The Paradigm Poem

Unlike a simple mathematical structure as in the “Similar Triangles Poem”, the “Paradigm Poem” is a mathematical poetry technique that borrows its structure from an existing equation from applied mathematics of scientific or cultural significance. The “Paradigm Poem has many sub-categories which are as numerous as there are categories for applied mathematics. Examples that we could consider would be: “Physics Paradigm Poem”, “Chemistry Paradigm Poem”, “Business Accounting Paradigm Poem”, “ Psychophysiological Paradigm Poem” etc.

If we think in terms of metaphor using the cognitive scientific language of George Lakoff then we would classify the language of the variables “inside the equation structure” as the ‘target domain’ and the context or traditional meaning of the equation as the “source domain’

Let me show an example of a “Physics Paradigm Poem” using Newton’s second law. For this example I am going to use an excerpt from my essay on “Polyaesthetics and Mathematical Poetry” Journal of Mathematics and the Arts, Volume 1, Issue 1 March 2007 , pages 35 - 40 Publisher: Taylor & Francis Informa Ltd Registered in England and Wales Registered Number: 1072954

“My personal view is that almost all mathematic applications rely on using equations with the intent similar to simile. The variables in the equation are compared explicitly with the result for uses in denotation. For example, in the case of an application of

Newton’s second law F = ma, or Force equals Mass times Acceleration, we are comparing the variables m (Mass) and a (Acceleration) explicitly to F (Force).

I can now make a mathematical poem based on the latter example by expressing the Force of ‘yesterday’s freedom’ as being equal to ‘a lush clover patch’

multiplied by ‘the swelling sweet summer breeze traversing the morning’. We can then put this in the form of a mathematical equation as; Yesterday’s freedom = (a lush clover patch) (the swelling sweet summer breeze traversing the morning). In other words, I set the Force to ‘Yesterday’s freedom’, the mass to ‘a lush clover patch’, and I accelerated the mass by ‘the swelling sweet summer breeze traversing the morning’. All of these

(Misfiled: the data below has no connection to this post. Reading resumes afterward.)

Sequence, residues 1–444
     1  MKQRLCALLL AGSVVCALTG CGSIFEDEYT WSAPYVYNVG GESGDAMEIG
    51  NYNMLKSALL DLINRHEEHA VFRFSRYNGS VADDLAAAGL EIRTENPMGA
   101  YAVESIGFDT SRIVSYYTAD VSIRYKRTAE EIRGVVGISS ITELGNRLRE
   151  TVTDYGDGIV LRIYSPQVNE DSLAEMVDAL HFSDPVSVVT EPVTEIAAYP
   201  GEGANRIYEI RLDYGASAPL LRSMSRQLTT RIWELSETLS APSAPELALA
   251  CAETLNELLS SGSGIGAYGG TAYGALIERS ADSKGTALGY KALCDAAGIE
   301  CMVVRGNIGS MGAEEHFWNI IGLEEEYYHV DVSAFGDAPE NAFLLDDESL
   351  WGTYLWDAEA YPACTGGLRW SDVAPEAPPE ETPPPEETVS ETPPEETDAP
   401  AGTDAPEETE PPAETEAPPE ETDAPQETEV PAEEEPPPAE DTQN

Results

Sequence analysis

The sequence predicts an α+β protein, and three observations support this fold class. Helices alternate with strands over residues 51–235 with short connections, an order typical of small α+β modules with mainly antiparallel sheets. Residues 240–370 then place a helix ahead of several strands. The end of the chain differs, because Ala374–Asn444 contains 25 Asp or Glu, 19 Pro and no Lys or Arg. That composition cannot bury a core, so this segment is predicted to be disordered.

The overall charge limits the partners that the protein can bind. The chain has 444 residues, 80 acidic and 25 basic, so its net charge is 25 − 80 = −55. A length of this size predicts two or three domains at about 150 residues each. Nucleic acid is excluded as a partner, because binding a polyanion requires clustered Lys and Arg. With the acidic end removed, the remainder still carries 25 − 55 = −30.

phrases relate back to the original equation from physics F = ma. I want to emphasize that I was very careful when I made my choice for acceleration so that the phrase is evocative of the mathematical description of acceleration as defined by physics. Acceleration is the

change in velocity of an object per unit of elapsed time during that acceleration. Here, the change in velocity is implied by ‘swelling’ and the change in time is implied by ‘traversing’.”

In the above example we are using the words “Yesterday’s freedom; a lush clover patch; the swelling sweet summer breeze traversing the morning” as the variables of the equations which supply us with the target domain and then we are using the equation from physics F = ma, its scientific meaning and historical significance as the source domain.

The bottom line concerning the ‘paradigm poem’ is that we borrow an equation from the past which inherently contains historical significance and serves as an paradigm or mathematical model that seems almost “a vessel” to carry the mathematical poem. The paradigm poem always borrows an existing mathematical structure to serve as a source domain in our metaphor.